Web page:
Id. at 619, 69 S. Ct. at 769 (quoting United States v. Peoni, 100 F.2d 401, 402 (2d Cir. 1938) (L. Hand, J.)). As we have repeatedly noted, " '[m]ere association between the principal and those accused of aiding and abetting is not sufficient to establish guilt; nor is mere presence at the scene and knowledge that a crime was to be committed sufficient to establish aiding and abetting.' " United States v. Francomano, 554 F.2d 483, 486 (1st Cir. 1977) (quoting Snyder v. United States, 448 F.2d 716, 718-719 (8th Cir. 1971)) (citations omitted). See also Paone, 758 F.2d at 775.
Lema argues that in this case, his presence in Souza's vehicle was the only significant link between himself and the cocaine transaction. He cites two cases which he claims are indistinguishable on this point, Francomano, 554 F.2d 483, and United States v. Mehtala, 578 F.2d 6 (1st Cir. 1978). In both Francomano and Mehtala, which arose out of the same incident, we held that there was insufficient evidence as a matter of law to convict the defendants. In those cases, the defendants were crew members and a passenger aboard a 70-foot ship from which marijuana was dumped during the approach of a Coast Guard rescue helicopter. Beyond showing that the defendants were on board, the government made no showing that the defendants were in any way connected to the captain's drug smuggling. Indeed, there was strong evidence suggesting that all of the crew members had been anxious to get berths on any ship in order to travel. This court indicated that a showing of presence, without something to connect the defendants to the crime, was inadequate, at least where the amount of marijuana was small (40 pounds) and could well have been concealed from them.
Francomano and Mehtala do not control the instant case. In the first place, presence on a single occasion may support a conviction for aiding and abetting if the surrounding circumstances lead to a reasonable inference that the defendant must have been a knowing participant. See, e.g., United States v. Cuevas-Esquivel, 905 F.2d 510, 515 (1st Cir. 1990); United States v. Luciano Pacheco, 794 F.2d 7, 11 (1st Cir. 1986) (and cases cited therein). More importantly, Lema was not merely present during a single drug transaction. Instead, the facts here are similar to those in Paone, 758 F.2d 774, where the evidence linking the defendant to the offense consisted of his presence at several stages of a drug transaction. We held that the jury was entitled to infer from his presence at multiple steps in the transaction that the defendant's presence was not coincidental.
Here, Lema was present at the culmination of two separate drug deals with government informants. In addition, government witnesses reported that, while still in New Hampshire, Souza was reluctant to move the first drug transaction to Maine until after he had conversation with Lema and others. A rational jury could have inferred that Lema was consulted about the decision. Moreover, the evidence taken in the light most favorable to the government indicates that Lema examined the first payment and confirmed that the money appeared to be all there. It is certainly reasonable for a jury to infer from this that he knew how much should be there, knowledge that would implicate him as a participant in the offense. Finally, the evidence showed that Lema passed the bag containing cocaine to Souza in the January 25 transaction.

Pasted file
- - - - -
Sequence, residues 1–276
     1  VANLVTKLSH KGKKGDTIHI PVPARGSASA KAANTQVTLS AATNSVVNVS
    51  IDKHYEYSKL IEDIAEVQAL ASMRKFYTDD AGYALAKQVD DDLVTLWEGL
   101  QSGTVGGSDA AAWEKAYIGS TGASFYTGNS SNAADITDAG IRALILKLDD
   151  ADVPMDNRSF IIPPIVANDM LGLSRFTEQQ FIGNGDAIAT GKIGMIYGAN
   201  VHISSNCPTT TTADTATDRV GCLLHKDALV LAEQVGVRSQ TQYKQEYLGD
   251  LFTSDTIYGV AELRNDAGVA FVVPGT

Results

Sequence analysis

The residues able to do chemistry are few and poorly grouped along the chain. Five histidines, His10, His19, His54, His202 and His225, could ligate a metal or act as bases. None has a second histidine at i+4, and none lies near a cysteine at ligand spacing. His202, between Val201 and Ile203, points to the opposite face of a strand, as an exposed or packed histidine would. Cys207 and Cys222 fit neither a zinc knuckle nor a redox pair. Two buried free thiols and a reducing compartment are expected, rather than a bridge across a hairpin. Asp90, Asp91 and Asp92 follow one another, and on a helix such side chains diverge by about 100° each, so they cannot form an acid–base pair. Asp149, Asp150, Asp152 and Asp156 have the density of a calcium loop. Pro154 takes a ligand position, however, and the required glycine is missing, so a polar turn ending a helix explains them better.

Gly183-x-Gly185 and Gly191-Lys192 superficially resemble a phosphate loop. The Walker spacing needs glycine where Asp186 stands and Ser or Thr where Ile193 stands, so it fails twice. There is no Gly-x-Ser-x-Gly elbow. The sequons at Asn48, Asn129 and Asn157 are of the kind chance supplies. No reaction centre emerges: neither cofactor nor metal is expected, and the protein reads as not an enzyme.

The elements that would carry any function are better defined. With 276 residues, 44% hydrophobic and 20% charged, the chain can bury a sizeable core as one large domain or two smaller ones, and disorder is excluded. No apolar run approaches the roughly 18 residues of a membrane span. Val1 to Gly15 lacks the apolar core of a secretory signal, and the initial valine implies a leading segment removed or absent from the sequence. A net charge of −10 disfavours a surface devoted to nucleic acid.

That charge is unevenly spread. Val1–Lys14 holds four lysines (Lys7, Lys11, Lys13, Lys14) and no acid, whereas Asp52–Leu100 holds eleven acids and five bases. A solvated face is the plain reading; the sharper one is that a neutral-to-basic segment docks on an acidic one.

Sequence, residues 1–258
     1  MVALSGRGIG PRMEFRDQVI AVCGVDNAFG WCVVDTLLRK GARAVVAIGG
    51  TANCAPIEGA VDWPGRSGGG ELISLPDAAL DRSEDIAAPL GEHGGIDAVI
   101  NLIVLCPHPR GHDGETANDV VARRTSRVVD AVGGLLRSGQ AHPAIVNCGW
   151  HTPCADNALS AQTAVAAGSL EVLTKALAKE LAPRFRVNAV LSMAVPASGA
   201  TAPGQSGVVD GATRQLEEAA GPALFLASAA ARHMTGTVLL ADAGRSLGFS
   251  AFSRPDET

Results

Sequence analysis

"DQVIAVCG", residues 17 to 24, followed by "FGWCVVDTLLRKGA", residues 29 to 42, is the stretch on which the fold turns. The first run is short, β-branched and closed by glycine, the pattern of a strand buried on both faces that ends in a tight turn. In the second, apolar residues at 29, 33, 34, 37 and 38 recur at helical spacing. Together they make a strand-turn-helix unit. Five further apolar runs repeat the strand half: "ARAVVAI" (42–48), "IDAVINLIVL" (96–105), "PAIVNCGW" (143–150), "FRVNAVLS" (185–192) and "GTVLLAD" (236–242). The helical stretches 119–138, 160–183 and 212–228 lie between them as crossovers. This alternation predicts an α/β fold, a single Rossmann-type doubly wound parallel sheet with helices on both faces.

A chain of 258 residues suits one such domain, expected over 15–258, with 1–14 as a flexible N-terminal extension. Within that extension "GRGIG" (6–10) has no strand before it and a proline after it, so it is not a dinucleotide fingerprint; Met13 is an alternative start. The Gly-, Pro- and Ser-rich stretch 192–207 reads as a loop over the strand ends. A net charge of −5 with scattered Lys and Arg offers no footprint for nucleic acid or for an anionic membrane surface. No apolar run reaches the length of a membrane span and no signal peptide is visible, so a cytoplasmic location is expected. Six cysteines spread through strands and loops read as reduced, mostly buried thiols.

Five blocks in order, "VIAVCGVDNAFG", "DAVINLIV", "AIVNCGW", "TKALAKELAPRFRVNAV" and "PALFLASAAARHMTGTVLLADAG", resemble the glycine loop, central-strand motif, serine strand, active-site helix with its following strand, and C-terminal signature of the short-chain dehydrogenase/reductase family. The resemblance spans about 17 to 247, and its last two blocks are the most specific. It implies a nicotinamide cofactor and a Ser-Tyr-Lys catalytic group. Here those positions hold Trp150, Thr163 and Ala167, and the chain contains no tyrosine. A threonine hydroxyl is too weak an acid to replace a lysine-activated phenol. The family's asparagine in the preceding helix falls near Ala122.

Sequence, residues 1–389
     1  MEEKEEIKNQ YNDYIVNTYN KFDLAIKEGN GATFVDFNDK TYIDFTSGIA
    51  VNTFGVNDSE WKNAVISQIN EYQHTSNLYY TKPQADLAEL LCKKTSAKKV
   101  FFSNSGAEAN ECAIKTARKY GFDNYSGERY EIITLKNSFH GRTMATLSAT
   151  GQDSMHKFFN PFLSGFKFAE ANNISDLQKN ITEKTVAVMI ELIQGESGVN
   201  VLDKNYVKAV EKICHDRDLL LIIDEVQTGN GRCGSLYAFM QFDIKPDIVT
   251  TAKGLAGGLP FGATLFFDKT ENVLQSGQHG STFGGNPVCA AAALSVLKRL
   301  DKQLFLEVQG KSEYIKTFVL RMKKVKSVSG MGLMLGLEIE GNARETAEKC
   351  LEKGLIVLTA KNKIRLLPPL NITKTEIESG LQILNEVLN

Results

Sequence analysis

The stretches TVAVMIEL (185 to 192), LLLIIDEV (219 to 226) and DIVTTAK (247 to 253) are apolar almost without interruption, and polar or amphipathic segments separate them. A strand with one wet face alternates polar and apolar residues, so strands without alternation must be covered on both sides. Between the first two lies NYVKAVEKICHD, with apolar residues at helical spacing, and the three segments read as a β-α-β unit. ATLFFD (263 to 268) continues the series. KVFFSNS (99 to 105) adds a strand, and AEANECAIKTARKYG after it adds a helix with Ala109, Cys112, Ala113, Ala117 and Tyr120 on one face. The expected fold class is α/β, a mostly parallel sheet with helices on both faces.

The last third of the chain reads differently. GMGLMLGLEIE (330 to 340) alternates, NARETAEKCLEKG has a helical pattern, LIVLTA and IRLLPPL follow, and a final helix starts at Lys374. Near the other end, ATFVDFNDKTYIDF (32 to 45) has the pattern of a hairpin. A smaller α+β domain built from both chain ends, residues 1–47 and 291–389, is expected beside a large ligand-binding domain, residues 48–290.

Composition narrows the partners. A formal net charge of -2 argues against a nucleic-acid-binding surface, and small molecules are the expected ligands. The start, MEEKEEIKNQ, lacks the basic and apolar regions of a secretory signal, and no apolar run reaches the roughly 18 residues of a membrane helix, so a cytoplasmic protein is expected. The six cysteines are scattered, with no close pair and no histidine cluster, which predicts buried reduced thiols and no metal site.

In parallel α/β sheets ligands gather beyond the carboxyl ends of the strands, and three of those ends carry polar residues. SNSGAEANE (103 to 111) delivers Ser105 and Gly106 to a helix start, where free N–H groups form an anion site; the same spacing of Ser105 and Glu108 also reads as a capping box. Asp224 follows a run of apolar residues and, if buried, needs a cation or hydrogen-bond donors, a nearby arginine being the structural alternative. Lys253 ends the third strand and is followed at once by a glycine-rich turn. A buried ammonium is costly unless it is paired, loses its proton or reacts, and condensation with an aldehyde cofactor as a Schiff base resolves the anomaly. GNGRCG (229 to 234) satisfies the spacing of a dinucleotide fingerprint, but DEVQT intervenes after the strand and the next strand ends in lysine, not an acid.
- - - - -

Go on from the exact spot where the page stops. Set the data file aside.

Lema argues, however, that there is not the same sort of "shadowing ... at nearly every step of the deal," 758 F.2d at 776, by which we distinguished Paone from Francomano. Lema was not present during earlier steps in these drug transactions. In addition, he was not party to or mentioned during the negotiations for either deal. He therefore argues that Paone requires that we find the evidence to be insufficient here.
But defendant misreads our decision in Paone. The quoted language does not suggest that there must be a complete shadowing at every step of a transaction to be sufficient. Paone merely indicates that the fact that the defendant was present more than once during critical junctures of a drug transaction allows a jury to infer that his presence was not coincidental when mere presence on a single occasion might not allow such an inference. Lema was present during the culmination of two separate transactions. As we have noted, the evidence also indicates that he confirmed that the money was all there in the first transaction and he passed the bag containing drugs during the second transaction. As in Paone, the jury reasonably could conclude that his claim that he was not involved was incredible in these circumstances. We therefore hold that there was sufficient evidence for the jury to find that Lema was guilty of aiding and abetting beyond a reasonable doubt.